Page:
When done correctly, the hours move with military precision, a deer pushed and a deer shot, each man fulfilling his mission for the day. 

The armed forces have left many generational marks on the foundation of deer camp. From tools to technology, assigned tasks to working as a team, the traditions established here at home were shaped half a world away. 

“Modern hunting technology was forged by the military,” explains Rick. “In 1906 they came out with the 30-06 rifle cartridge for the military, which has now killed a lot of wild game in North America, and countless gun cases in America hold one today. Wool clothing and camouflage started as military technology, and boot technological advances from World War II went into improved hunting boots.”

According to Rick, his camp is littered with wartime memorabilia, tools given a second life when they were transported to deer camp. U.S. Military surplus army bunks and packs that once carried soldiers’ rations now hold the hunter’s essentials.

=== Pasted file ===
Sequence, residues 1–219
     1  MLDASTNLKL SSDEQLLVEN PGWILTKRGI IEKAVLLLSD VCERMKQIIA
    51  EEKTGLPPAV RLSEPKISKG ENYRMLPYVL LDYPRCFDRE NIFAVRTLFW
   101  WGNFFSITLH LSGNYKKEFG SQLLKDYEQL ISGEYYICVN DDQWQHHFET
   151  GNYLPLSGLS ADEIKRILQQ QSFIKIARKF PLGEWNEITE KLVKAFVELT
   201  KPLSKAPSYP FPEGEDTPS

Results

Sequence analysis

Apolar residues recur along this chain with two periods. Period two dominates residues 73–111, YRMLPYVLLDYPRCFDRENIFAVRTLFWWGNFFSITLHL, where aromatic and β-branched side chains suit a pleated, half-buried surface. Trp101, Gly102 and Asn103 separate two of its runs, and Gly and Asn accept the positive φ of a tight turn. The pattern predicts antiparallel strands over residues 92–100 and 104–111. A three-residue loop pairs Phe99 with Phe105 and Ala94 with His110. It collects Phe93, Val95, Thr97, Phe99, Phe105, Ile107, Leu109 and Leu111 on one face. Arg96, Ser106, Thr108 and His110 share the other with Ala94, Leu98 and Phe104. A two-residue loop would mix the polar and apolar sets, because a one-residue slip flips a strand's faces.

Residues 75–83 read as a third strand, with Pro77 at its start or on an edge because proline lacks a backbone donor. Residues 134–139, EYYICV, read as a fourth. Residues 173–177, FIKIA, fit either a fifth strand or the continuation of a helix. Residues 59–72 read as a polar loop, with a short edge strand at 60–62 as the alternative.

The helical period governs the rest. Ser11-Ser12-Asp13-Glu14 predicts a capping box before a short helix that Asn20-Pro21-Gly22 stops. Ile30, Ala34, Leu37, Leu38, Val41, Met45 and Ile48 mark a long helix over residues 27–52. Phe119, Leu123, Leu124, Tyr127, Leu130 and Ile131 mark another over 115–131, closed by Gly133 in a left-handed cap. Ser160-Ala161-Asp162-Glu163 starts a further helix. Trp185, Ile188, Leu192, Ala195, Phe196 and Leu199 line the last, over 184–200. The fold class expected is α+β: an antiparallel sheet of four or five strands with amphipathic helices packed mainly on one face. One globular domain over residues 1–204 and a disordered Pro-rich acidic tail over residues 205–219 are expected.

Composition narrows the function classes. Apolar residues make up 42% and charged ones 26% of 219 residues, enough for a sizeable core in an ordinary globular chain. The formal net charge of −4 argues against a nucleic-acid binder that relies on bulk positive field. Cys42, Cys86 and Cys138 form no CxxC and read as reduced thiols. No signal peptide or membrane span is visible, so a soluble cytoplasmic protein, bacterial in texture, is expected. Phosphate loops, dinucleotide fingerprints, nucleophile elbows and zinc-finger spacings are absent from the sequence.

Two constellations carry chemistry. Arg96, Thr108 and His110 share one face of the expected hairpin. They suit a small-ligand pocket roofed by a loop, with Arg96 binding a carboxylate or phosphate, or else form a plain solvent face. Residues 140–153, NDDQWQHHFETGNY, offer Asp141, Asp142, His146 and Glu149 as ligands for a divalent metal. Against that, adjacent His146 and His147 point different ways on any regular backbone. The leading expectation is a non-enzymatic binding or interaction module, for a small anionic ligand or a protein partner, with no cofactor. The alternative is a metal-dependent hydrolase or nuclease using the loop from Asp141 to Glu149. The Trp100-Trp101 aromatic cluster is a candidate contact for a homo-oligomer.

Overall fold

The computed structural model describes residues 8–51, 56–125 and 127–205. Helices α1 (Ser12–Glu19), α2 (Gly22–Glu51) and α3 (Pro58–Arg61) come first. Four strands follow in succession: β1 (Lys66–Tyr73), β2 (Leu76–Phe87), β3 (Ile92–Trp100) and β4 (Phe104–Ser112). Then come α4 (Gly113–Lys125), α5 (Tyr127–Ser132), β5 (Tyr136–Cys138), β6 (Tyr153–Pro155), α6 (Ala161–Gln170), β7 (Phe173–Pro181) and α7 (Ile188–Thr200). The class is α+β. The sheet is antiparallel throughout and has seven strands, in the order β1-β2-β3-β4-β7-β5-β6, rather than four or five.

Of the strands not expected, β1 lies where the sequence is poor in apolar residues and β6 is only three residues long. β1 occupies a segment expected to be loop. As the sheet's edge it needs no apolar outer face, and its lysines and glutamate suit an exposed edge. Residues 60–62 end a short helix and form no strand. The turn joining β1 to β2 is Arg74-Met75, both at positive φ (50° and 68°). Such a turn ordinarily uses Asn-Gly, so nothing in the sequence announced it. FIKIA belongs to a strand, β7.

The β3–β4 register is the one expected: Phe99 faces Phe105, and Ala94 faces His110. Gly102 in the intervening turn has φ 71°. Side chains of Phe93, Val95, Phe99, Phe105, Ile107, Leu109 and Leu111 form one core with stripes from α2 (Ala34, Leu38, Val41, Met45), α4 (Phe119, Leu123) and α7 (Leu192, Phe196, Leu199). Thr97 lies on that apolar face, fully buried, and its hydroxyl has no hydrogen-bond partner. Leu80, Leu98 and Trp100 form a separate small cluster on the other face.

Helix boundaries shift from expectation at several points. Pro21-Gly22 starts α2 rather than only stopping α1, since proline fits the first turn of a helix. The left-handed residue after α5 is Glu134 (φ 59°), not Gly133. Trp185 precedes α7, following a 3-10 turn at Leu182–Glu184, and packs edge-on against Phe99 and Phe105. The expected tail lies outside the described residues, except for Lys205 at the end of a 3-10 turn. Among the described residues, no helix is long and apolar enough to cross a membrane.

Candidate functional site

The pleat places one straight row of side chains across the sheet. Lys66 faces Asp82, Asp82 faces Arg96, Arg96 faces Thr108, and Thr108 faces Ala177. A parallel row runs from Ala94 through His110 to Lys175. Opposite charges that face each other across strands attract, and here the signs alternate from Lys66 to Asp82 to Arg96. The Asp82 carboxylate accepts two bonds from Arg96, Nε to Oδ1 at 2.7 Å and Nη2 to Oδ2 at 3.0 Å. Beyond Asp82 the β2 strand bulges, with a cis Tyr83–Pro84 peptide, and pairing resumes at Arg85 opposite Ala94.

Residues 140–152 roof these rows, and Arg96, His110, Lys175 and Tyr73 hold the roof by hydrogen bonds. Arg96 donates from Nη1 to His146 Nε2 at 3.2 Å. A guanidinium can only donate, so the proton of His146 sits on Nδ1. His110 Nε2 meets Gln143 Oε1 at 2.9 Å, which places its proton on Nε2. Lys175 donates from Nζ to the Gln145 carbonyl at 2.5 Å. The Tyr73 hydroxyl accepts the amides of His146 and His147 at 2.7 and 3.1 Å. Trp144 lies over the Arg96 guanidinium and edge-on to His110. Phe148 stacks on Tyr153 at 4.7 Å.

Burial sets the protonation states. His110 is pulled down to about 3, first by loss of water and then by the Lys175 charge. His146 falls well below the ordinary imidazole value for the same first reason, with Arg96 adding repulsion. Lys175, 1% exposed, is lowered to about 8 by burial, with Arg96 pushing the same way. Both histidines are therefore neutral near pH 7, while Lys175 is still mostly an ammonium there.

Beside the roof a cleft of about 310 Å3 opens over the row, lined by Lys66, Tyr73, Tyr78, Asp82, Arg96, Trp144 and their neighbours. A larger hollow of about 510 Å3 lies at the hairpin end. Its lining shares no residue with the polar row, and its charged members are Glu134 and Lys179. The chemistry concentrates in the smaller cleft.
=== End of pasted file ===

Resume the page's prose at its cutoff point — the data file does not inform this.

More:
“Pennsylvania has great-grandsons that are now hunting in the same camps and sleeping in the same bunks that their great-grandfathers did,” Rick says with enthusiasm. “Modern hunting culture was steeped by the world wars; the greatest generation coming back forged that camp tradition of camaraderie and working together for a goal. I love that; I’m very nostalgic toward that time in our history.” 

Hunting camp holds not only military history, but also significant family history for Rick. His grandfather Ralph, a long-time Bell Telephone Company employee and Korean War veteran, passed away at their hunting cabin on the opening day of deer season in 1988. After the morning drive, his grandfather returned to camp for lunch, where a heart attack took his life at the kitchen table.